Carl Louis Feldman is an old man who was once a celebrated photographer.
That was before he was tried for the murder of a young woman and acquitted.
Before his admission to a care home for dementia.
Now his daughter has come to see him, to take him on a trip.
Only she’s not his daughter and, if she has her way, he’s not coming back . . .
Because Carl’s past has finally caught up with him. The young woman driving the car is convinced her passenger is guilty, and that he’s killed other young women. Including her sister Rachel.
Now they’re following the trail of his photographs, his clues, his alleged crimes. To see if he remembers any of it. Confesses to any of it. To discover what really happened to Rachel.
Has Carl truly forgotten what he did or is he just pretending? Perhaps he’s guilty of nothing and she’s the liar.
Either way in driving him into the Texan wilderness she’s taking a terrible risk.
For if Carl really is a serial killer, she’s alone in the most dangerous place of all . . .
Paper Ghosts is slightly odd. This makes it rather memorable. Julia Heaberlin gives us a slow moving relationship drama. This is a road trip, with a suspected serial killer.
This story takes us into the life of Grace, a woman who is desperate for answers about her missing elder sister. Grace was a twelve year old child, when her sister went missing. This lead to her becoming totally obsessed with the case. She is prepared to conquer her fears and face a monster. She worked out that a photographer, Carl Louis Feldman, was responsible for the murder. He was a prime suspect in the case. Grace has worked out, that he killed more than once. Carl is now living with dementia, in a care home. His memories are slowly being eradicated by illness. Grace believes that by taking him to his various crime scenes, that she can lift a lid on what happened and Carl will admit to his criminal past. Will Grace get to the truth? Will Carl’s memory recover enough to give Grace the answers she needs? Is Carl faking his illness?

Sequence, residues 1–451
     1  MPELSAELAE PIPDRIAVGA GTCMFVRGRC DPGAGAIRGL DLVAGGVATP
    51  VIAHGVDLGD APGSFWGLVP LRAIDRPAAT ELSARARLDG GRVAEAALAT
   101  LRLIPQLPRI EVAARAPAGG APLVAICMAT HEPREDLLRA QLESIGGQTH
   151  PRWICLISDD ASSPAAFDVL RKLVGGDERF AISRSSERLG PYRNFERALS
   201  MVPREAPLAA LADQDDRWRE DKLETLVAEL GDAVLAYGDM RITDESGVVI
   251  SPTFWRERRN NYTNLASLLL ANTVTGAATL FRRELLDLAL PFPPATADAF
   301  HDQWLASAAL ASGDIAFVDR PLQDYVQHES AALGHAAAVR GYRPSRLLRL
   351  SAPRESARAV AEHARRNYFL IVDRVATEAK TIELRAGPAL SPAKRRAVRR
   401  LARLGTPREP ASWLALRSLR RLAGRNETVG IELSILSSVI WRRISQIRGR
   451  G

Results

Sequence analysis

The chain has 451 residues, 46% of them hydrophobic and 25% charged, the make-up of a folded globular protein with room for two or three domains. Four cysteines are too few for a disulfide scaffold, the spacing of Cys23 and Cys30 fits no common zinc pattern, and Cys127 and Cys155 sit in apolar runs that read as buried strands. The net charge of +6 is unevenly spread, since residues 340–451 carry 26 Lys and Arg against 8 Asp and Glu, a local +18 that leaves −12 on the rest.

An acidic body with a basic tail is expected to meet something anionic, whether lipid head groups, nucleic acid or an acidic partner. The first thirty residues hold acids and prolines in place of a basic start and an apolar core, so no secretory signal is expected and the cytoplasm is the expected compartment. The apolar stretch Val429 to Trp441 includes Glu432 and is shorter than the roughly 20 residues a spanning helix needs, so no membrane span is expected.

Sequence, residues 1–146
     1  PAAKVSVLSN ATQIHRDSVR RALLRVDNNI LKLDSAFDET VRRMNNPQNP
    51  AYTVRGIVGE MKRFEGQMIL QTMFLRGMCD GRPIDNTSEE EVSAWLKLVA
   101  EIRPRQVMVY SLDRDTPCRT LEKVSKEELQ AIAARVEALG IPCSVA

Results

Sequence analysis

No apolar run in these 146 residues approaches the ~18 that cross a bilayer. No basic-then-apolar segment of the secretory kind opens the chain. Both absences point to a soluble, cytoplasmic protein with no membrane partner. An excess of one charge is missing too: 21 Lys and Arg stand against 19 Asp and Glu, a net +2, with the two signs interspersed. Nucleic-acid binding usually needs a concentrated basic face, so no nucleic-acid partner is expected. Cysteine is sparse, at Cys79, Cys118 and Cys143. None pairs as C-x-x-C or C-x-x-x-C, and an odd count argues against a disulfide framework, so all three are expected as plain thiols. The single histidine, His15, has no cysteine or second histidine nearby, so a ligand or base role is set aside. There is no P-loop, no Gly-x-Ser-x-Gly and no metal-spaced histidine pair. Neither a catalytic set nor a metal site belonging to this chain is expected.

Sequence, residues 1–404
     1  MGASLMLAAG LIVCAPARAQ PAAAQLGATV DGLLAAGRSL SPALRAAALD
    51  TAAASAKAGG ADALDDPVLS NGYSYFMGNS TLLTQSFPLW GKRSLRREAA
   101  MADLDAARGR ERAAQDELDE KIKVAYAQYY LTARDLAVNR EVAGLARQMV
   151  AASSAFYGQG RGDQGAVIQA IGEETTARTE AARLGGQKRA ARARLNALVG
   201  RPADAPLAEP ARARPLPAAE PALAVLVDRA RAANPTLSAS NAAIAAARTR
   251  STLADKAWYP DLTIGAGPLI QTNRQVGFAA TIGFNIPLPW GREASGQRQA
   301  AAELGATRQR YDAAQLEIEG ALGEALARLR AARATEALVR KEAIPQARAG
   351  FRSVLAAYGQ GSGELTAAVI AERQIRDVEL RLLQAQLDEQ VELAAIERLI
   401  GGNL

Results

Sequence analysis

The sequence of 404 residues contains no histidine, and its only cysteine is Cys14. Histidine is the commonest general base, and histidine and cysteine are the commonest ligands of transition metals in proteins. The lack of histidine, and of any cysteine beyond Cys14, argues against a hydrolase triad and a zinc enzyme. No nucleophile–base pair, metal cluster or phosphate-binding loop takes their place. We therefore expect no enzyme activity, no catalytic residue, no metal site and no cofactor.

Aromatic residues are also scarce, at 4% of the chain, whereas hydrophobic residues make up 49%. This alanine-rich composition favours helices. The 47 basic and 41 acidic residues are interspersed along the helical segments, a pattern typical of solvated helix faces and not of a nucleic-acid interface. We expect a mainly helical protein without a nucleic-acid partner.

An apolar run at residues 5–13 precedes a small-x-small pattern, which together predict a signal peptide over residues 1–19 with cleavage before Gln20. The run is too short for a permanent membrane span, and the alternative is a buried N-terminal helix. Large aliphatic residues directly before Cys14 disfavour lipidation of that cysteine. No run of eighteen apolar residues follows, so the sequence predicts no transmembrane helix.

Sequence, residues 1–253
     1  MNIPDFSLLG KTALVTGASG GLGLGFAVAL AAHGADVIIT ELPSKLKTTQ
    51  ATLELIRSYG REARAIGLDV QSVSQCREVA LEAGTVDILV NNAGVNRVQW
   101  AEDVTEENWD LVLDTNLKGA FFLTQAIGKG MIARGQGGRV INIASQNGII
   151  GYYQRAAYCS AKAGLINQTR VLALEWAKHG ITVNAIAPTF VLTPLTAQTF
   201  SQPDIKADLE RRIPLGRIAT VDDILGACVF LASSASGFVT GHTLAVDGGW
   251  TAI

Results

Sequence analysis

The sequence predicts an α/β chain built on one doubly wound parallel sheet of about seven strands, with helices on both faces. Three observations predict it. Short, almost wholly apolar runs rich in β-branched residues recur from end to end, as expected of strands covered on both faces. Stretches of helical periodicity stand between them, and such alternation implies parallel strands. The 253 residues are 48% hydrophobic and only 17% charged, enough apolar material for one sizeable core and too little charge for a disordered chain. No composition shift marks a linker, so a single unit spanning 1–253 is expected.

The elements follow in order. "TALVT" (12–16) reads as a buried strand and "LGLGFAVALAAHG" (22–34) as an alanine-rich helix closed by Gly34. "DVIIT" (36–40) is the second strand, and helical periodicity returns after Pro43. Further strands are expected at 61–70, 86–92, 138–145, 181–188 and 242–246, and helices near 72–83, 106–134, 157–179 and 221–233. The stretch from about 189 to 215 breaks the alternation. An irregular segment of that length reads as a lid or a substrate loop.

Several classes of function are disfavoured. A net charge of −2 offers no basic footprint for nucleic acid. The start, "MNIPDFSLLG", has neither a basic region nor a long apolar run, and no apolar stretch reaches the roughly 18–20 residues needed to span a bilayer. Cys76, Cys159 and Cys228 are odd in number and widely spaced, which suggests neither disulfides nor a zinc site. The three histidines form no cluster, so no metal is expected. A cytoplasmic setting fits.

With Paper Ghosts, Heaberlin presents a man living with dementia. It is fairly convincing. He is a prisoner of his mind. We see frustration tipping over into anger and violence. We get a sense of the loss he has to live with and the impact on his identity. We see the man. It is a credit to the author, that we see humanity in Carl, through the dementia. He is not just an illness. He is multi-layered. Carl was a photographer. He has a history. He potentially is a killer. He is an enigma.
Carl and Grace are two unusual people. We see some marked similarities, between the two characters. Both seem to be lost. We don’t really trust either of them, in terms of their reliability. Grace is lost in the past, missing her sister. She thinks she has all of the answers. Carl is a victim of the dementia, taking away his past piece by piece. Grace finds Carl difficult to deal with, due to his illness and her suspicions about his nature. We see some moving scenes, as Grace has to adjust to living with Carl and his mindset.
Fascinating. Moving. Thought-provoking, as we get to know Carl and Grace. Julia Heaberlin makes the road trip genre her own.